On the first performance of “Hamlet”

[content_band inner_container=”true” padding_top=”0px” padding_bottom=”10px” border=”all” bg_color=”#efefef”]This is an accidental post: a writing assignment for the course on “Hamlet” on FutureLearn.com I am taking (by the way, it’s a great place to learn). The assignment is to pretend to be an Elizabethan who has just been to see Shakespeare’s Hamlet for the first time ever. They asked to write as a blog post, and I decided the topic is quite fitting for my “Studio Journal”, especially because I just saw the old BBC production with Derek Jacobi… [/content_band]

I’ve been meaning to write down my thoughts on a new production of Hamlet — I saw it yesterday — but the only thought that’s floating in my head right now is that I couldn’t be more thoroughly confused.

The public — me included — seemed to expect a remake of Kyd’s Hamlet we remember from a few years back: an honest revenge play. We should have known better: one can always trust Shakespeare to introduce confusion, and befuddlement, and a heap of questions instead of answers and straightforward action.

It’s not that there is no action at all: everyone dies by and by; but — at first at least — most of its happens off-stage and to wrong people (the main villain is also killed eventually, but not before he has managed to bring about the deaths of almost everyone else, Hamlet included).

But otherwise — I felt as though we are witnessing not what is actually happening, but what’s going on in Hamlet’s head (interchanging madness and reason, without any warnings). First of all — what is this Ghost? Is he real or is he an illusion? The soldiers and Horatio see it, too — but then, why doesn’t the queen, in a later scene?

And where does it come from? From what he says it seems like he resides in Purgatory (“for a certain term”, if I remember correctly) — but don’t we, in our enlightened age, already know that Purgatory is a vile invention of Papists? What might Shakespeare possibly mean with this? And then Hamlet talks of death as of a country from whose bourn no traveller returns — and yet he seems to take the Ghost quite seriously (if not without some mistrust — quite justifiable, by the way, if you ask me).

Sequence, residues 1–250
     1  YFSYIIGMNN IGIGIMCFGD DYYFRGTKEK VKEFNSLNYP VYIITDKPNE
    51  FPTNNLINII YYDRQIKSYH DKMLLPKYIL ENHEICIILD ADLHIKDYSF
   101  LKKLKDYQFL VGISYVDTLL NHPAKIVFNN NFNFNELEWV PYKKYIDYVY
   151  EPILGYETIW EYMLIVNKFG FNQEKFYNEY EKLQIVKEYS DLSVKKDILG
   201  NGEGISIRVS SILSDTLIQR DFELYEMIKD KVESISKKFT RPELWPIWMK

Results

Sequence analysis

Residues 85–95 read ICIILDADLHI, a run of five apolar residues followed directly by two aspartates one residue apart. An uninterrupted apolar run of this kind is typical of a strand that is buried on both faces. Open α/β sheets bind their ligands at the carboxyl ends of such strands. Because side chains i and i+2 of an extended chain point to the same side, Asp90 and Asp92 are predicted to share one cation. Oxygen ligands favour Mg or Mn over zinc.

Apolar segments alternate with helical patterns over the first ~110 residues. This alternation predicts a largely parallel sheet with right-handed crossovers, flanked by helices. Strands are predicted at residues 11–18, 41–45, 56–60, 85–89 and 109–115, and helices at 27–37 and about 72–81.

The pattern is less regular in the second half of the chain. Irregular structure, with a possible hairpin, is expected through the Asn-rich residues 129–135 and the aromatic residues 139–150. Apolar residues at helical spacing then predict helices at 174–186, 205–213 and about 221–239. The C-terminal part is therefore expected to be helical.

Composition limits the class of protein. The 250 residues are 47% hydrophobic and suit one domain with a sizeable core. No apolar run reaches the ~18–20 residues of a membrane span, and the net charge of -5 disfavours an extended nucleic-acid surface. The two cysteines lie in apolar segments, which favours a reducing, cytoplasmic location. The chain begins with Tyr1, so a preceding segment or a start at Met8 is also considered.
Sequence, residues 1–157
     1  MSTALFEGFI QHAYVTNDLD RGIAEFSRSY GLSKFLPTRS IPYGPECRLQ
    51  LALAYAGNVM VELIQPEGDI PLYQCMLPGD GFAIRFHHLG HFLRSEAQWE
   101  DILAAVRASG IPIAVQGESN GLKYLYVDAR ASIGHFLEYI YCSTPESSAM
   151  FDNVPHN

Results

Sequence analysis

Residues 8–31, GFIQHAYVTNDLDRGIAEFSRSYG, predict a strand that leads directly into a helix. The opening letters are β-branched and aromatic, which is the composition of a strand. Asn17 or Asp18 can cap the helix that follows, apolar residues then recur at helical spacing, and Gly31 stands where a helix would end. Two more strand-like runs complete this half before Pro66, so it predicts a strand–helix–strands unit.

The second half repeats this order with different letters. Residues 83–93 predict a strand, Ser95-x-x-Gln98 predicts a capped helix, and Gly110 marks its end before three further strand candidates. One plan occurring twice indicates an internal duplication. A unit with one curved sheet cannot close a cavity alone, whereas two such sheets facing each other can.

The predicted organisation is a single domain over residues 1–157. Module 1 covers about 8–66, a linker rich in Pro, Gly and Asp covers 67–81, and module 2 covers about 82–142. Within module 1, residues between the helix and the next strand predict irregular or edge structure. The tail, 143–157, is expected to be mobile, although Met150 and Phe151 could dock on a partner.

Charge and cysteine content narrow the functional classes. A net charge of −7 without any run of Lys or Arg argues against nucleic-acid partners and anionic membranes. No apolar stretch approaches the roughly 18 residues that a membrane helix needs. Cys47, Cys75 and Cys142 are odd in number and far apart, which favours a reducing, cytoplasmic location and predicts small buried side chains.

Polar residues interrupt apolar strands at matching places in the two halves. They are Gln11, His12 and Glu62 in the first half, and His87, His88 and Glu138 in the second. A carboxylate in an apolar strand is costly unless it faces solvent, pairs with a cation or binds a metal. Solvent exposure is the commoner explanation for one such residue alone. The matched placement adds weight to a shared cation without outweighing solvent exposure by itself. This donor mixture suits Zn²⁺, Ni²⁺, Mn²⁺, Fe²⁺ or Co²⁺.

Is Hamlet mad? He himself seems to think that he just “puts it on”, that he is “mad in craft”… But isn’t “putting it on” madness in itself — all it seems to do is to arouse the king’s suspicions, so Hamlet is constantly being watched — not the best way to accomplish his revenge, if that’s what he has in mind. It looked to me as though he has just found a pretext (for himself, if for nobody else) to let his inward storm of madness out — I know firsthand how tempting it might be when the whole world seems to crumble around you.

Why doesn’t he kill his uncle right after the play, when he is finally sure that the Ghost was telling the truth? Does he really believe that a murderer and a villain will go to Heaven? Or is he just more interested in having his say with his mother? Or maybe he just doesn’t like to kill (no wonder here)?

As I said, I am befuddled. All these questions just keep boiling in my head, as though I have become a bit of a Hamlet myself…